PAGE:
The word ‘crisis’ is commonplace in the world’s media.
Today’s headlines alone read:
“Venezuela crisis: President willing to ‘shake hands’ with Trump
“IMF boosts bailout for crisis-hit Argentina”
“Education in Iraq is in crisis”
“Inside the legal aid crisis”
“Manchester United in crisis as Paul Pogba wants out”
The term is overused.
Then there are the genuine crises that hit.
Let’s take Scotland alone this year.
Scotland faces a constitutional crisis as both independence and Brexit threaten to change our relationship with the rest of the UK, and the EU.
We’ve written previously on the crisis developing at the heart of the Scottish Government, embroiling both the current and former First Ministers.
Many say Scotland’s education system and health services are in crisis and need fresh funding, a dramatic rethink, or both.
Knife crime in Glasgow, over-tourism in Edinburgh, bullying at NHS Highland.
Genuine crises need an effective crisis handling plan and crisis management training.
Here’s our quick-start guide how to handle a crisis if you’re the subject of the next unwanted crisis headline.
Who’s leading the investigation?
Who is the police liaison?
Who will write the press release?
Who will do the media interviews?
Pick your star team.
Many organisations we work with set up a ‘Command and Control’ centre.
Now, despite the unfolding chaos, you have order in the way you’re operating.
If you’re unsure who to pick, ask yourself this question:
“Who would I trust to lead me into battle?”
Establish everything you know to be true.
Numbers injured, missing, or worse.
Who is involved. Why it happened.
If you’re unsure, how you’re going to find these things out.
Has it happened before? Why?
What happened between now and then?
For a wider list of these types of questions that help you to handle a crisis, have a look here.
One of our hotel client called us recently, fearing they were the source of an outbreak of illness among guests.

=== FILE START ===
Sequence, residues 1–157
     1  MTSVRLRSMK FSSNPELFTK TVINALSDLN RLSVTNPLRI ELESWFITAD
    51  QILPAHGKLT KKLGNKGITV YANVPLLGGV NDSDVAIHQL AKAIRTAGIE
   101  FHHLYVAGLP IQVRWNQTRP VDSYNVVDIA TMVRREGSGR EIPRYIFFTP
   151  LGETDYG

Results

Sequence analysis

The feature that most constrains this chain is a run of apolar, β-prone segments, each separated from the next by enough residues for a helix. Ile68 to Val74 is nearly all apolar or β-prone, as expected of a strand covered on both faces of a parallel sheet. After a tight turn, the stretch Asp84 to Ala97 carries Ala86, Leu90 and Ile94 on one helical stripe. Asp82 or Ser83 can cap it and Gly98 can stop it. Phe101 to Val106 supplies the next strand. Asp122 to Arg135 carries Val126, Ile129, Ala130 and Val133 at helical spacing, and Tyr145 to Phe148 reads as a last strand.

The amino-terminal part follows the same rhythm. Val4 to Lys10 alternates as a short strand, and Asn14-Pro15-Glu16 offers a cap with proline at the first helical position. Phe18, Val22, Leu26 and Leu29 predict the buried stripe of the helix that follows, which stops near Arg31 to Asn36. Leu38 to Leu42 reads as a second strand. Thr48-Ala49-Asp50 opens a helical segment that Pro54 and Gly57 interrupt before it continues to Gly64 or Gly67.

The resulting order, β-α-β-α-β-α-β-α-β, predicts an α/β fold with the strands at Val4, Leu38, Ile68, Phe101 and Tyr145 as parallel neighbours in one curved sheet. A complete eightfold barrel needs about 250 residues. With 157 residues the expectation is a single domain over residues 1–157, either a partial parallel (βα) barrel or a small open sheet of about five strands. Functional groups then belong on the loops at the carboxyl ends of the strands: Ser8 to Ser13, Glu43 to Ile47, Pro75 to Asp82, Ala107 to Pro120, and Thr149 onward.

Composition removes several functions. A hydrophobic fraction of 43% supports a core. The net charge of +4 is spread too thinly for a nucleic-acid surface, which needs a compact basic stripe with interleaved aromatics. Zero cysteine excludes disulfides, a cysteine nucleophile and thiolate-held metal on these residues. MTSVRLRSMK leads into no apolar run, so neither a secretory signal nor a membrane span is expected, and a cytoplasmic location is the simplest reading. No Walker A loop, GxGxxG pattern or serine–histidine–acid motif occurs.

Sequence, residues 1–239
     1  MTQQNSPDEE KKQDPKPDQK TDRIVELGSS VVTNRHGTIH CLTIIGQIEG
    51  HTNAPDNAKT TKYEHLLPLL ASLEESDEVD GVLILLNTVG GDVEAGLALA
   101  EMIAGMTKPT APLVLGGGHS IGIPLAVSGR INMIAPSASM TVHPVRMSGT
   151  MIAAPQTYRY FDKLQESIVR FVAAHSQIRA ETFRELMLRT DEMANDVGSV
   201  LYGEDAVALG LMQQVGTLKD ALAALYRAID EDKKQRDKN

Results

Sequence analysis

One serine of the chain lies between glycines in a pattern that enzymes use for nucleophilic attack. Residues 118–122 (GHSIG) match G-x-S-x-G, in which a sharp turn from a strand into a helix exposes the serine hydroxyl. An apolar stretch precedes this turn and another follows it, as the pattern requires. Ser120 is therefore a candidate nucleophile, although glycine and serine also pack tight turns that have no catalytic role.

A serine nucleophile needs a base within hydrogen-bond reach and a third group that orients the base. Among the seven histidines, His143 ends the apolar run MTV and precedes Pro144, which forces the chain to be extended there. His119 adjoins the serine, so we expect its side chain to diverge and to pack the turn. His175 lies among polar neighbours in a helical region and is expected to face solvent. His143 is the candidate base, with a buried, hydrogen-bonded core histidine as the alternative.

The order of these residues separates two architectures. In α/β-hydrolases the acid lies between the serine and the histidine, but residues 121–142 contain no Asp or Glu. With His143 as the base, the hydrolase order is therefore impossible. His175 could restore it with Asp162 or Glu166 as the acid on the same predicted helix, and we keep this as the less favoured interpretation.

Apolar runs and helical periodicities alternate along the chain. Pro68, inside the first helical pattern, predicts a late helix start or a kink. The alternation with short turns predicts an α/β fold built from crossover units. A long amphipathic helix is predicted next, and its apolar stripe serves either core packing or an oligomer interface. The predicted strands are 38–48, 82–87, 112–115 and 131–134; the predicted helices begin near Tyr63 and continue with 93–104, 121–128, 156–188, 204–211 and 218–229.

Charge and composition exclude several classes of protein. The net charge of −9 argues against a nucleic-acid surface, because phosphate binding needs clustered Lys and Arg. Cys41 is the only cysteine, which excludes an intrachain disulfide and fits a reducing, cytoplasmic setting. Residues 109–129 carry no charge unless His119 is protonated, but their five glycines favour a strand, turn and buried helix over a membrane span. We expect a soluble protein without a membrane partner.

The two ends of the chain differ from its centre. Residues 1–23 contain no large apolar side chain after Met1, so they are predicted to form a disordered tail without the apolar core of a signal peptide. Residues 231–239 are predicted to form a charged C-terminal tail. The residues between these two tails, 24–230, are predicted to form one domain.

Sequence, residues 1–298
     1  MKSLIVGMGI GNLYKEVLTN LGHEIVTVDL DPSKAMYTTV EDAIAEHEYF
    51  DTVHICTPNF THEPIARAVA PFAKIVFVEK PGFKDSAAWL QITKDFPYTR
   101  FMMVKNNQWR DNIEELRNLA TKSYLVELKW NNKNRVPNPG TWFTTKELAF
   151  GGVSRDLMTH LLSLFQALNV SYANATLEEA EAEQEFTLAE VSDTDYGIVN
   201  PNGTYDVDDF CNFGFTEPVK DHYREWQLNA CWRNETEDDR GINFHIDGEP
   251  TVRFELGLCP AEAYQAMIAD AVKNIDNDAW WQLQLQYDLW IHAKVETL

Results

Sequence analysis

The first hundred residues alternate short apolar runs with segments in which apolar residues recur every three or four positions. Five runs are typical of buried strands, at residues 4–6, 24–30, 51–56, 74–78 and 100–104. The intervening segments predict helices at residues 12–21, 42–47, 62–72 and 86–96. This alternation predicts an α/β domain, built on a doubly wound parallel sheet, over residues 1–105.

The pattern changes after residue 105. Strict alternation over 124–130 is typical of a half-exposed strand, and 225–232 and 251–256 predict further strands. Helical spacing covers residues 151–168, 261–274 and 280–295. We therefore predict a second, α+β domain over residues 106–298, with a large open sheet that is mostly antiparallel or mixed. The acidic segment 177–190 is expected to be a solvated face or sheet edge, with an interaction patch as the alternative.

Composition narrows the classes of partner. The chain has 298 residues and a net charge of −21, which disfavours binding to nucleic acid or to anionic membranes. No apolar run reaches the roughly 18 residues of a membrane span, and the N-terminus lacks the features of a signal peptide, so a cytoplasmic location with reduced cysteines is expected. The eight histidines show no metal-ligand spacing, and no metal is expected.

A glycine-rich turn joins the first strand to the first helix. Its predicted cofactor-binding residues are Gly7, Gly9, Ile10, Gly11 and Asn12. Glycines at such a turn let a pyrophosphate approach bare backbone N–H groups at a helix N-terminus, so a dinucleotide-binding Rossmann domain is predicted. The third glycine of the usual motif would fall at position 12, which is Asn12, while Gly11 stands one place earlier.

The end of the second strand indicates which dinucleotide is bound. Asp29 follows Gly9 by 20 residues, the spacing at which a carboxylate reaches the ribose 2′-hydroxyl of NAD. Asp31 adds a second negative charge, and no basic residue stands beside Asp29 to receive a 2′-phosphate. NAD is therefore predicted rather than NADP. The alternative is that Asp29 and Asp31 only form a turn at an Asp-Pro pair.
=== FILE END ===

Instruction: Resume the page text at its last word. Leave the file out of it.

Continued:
They asked us what they should do.
Our answer was simple: close the hotel and tell the media you believe you are the source of the outbreak.
The potential reputational damage if they kept it to themselves (and people died as a result) was huge.
They closed the hotel, told the media, and it was open again two days later, with zero effect on sales.
Being proactive in your crisis communication means you’re in control of the message.
Hide behind the wall in an attempt to dodge the bullets and people will see that the negative incident has now been compounded with a bad attitude.
Stay as long as it takes to answer questions, even if you know very little.
With the list of every single thing you know in front of you, all you need are Direct Answers.
Here’s more on answering difficult questions.
Regular updates on your website give the media the facts.
Social media updates prevent speculation on how the crisis is being handled.
Phoning journalists back when you say you will helps to build trust.
Putting yourself up for interview suggest that your organisation is in control of the situation.
Simply providing a holding statement is too little.
Speculation will spiral out of control.
We’re here to help you regain control.
Andrew McFarlan is the Managing Director of Pink Elephant Communications in Glasgow.
You can view his full profile here.
Crisis handling Glasgow image credits: pexels.com
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